President Obama's pledge to address climate change was welcomed by the large majority of Americans who care about what kind of planet we leave future generations.
This week he made good on that promise.
The Environmental Protection Agency unveiled an ambitious plan to cut carbon dioxide emissions from power plants by nearly a third by 2030.
It's seen as the centerpiece of Obama's efforts, tackling the biggest culprits behind Earth's warming as well as other pollutants that contribute to health problems.
Not everyone embraced the plan, which has yet to be finalized, but that's no surprise. Some people refuse even to acknowledge we're the cause of the problem, despite overwhelming scientific evidence.
There's no arguing with those who refuse to accept reality.
Thankfully, most Americans recognize what's happening, support action and accept that it won't be easy.
A new Washington Post-ABC News poll released this week found 70 percent back federal limits on greenhouse gas emissions, and 70 percent support requiring states to limit the amount of their emissions.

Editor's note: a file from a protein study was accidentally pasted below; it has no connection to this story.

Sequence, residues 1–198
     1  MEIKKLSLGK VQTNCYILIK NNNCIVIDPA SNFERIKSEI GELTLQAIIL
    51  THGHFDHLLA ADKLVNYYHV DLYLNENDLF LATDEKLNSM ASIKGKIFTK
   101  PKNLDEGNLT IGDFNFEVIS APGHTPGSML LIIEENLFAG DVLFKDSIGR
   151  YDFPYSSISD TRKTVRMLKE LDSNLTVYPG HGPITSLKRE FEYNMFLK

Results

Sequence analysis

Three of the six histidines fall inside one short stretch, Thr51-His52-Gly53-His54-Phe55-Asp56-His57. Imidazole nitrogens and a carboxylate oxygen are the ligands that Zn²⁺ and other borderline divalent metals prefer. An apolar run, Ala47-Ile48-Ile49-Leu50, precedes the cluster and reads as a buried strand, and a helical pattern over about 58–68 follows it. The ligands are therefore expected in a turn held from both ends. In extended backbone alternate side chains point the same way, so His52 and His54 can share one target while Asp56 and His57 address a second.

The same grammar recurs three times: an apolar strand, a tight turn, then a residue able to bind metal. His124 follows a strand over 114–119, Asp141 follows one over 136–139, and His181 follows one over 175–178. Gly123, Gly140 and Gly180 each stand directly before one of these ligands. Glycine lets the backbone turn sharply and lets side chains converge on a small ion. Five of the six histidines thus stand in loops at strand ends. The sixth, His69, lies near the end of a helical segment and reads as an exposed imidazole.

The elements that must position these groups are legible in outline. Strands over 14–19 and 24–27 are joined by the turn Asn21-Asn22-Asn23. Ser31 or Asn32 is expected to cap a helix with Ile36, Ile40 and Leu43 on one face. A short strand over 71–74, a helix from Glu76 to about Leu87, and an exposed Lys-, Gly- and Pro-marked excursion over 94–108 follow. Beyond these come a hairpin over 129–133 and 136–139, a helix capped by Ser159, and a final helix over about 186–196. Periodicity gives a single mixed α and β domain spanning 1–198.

The support crosses party lines, too — 57 percent of Republicans, 76 percent among independents and 79 percent of Democrats support state limits. Fifty percent support the federal caps.
And if consumers have to pay more for electricity — not necessarily the case because the new rules also aim to increase efficiency — the support remains.
"Asked whether Washington should still go forward with limits if they 'significantly lowered greenhouse gases but raised your monthly energy expenses by 20 dollars a month,' 63 percent of respondents say yes, including 51 percent of Republicans, 64 percent of independents and 71 percent of Democrats," the Post reported.
It's encouraging news.
It shows the United States is no longer willing to bury its head in the sand — and is ready to the lead the global effort necessary to deal with climate change.